When Light Pierced the Darkness: Christian Rescue of Jews in Nazi-Occupied Poland

By Nechama Tec | Go to book overview

CHAPTER 4
From Warning to Long-Term
Shelter: Forms of
Christian Rescue

How did the rescuer-rescued relationship begin? Did this life-threatening association involve careful planning and preparation? My evidence gives a negative answer. In most cases those in need of protection initiated the relationship by asking the Poles for help. 1 Similarly, most survivors say that help was not promised to them ahead of time. 2 Of the Polish rescuers themselves, less than one-third initiated their aid to Jews. 3 Even those accounts that deal with prolonged sheltering of Jews show that such unplanned beginnings only gradually developed into more extensive aid.

When I met Hela Horska in 1978 in Warsaw she was widowed and lived alone under modest circumstances. This was in sharp contrast to her prewar and wartime position as a nurse and wife of a prominent Polish doctor. During the war she and her husband protected fourteen Jews for over two years. How did this aid come about?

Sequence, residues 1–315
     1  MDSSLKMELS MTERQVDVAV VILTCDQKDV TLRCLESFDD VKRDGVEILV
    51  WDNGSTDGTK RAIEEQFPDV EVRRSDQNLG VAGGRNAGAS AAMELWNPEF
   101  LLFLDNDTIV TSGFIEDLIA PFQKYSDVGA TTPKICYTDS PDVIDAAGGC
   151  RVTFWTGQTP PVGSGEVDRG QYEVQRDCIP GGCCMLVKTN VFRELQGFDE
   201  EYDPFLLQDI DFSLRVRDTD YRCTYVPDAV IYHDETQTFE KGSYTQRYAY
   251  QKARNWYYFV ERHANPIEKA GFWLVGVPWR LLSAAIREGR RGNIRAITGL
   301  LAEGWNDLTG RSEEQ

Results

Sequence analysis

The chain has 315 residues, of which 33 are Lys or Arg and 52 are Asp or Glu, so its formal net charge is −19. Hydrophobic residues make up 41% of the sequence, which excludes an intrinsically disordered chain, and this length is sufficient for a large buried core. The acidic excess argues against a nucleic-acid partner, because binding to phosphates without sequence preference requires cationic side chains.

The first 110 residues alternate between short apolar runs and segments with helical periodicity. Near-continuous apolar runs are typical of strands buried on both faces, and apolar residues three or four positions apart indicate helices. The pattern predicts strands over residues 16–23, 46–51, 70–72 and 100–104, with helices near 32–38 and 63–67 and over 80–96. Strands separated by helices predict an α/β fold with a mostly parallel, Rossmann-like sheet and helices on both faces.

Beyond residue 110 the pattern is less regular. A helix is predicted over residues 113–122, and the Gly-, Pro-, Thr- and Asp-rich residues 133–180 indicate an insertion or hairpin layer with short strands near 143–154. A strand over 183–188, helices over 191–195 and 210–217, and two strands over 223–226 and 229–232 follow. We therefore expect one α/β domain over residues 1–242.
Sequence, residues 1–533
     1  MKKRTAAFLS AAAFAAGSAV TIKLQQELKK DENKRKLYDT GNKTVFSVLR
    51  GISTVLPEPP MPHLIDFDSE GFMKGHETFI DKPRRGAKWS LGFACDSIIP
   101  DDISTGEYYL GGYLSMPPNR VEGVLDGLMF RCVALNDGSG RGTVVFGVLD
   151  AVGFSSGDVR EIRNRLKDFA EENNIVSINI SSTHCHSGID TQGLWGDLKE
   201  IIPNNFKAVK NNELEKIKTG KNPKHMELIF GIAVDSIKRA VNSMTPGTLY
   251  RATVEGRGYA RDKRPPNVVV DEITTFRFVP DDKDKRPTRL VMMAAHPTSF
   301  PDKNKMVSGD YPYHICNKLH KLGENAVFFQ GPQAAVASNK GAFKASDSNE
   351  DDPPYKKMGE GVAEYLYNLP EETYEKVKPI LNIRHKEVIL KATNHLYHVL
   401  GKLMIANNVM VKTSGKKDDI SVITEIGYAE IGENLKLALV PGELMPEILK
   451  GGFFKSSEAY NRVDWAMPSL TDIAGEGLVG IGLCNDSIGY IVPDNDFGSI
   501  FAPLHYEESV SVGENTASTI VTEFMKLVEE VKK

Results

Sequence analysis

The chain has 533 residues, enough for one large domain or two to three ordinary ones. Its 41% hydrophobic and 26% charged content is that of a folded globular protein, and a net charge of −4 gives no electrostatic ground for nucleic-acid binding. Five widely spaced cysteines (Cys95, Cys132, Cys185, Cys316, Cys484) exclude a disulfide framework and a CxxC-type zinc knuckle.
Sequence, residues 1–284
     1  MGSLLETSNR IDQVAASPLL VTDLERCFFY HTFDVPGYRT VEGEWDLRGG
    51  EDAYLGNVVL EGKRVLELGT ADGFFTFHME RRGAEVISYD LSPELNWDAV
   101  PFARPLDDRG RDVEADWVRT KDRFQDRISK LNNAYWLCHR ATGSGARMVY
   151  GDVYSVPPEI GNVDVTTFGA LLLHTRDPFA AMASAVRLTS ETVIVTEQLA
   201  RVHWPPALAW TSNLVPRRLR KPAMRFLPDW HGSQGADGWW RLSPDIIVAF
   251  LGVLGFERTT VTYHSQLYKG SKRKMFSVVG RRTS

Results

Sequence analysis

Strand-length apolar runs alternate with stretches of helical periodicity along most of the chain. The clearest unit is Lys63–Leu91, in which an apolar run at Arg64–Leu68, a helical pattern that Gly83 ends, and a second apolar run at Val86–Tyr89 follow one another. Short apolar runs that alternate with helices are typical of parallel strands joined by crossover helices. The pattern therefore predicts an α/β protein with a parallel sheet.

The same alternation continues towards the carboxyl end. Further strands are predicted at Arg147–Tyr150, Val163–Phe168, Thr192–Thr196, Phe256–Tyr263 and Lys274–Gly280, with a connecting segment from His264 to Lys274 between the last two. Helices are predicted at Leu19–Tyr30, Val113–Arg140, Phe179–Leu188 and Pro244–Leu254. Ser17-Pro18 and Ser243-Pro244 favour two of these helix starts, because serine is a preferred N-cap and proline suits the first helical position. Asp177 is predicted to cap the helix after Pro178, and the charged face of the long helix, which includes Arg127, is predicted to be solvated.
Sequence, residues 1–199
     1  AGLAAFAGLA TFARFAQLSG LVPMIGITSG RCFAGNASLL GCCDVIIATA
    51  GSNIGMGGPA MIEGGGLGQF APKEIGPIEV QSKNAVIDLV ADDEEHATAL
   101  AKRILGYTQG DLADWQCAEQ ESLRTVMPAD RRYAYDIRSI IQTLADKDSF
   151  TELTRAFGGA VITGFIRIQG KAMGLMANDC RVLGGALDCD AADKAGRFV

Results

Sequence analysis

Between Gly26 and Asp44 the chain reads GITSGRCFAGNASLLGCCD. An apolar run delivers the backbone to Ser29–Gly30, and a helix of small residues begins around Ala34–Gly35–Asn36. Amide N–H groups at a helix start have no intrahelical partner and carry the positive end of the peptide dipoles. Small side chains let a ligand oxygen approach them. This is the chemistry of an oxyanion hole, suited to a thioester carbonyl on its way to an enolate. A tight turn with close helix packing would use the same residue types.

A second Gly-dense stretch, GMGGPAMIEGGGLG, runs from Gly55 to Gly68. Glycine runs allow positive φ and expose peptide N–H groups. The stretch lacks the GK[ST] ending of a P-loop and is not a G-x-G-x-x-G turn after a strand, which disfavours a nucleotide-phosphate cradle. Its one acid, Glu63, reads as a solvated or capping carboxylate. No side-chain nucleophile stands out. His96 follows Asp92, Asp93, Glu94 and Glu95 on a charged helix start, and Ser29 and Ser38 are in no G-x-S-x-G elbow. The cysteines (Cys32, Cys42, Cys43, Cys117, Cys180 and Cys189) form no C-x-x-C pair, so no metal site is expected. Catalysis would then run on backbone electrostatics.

The Horskis lived close to a Jewish section of a small town. Dr. Horski was a busy physician. During the war, he was assisted by his wife. After the establishment of the ghetto, the Horskis were approached by a Jewish woman patient who begged them to employ her thirteen-year-old son David Rodman. The mother feared that the boy's delicate health would not withstand the strenuous work the Nazis demanded of him. Feeling sorry for the mother, Hela secured permission from the authorities to employ young David, arguing that her work with her husband did not leave enough time for her children and house chores. Soon the boy became an asset because of his winning personality and his hard work. Eventually he won the hearts of the entire family, including the children. Once David had become a valued member of their household, it seemed natural for his employers to want to shield him from danger. Whenever they heard about moves against Jews they warned him and hid him in their house. Eventually David felt secure enough to ask that this privilege be extended to other members of his family. Each time there was to be a deportation in the ghetto a few of his relatives would come and hide, until their number grew

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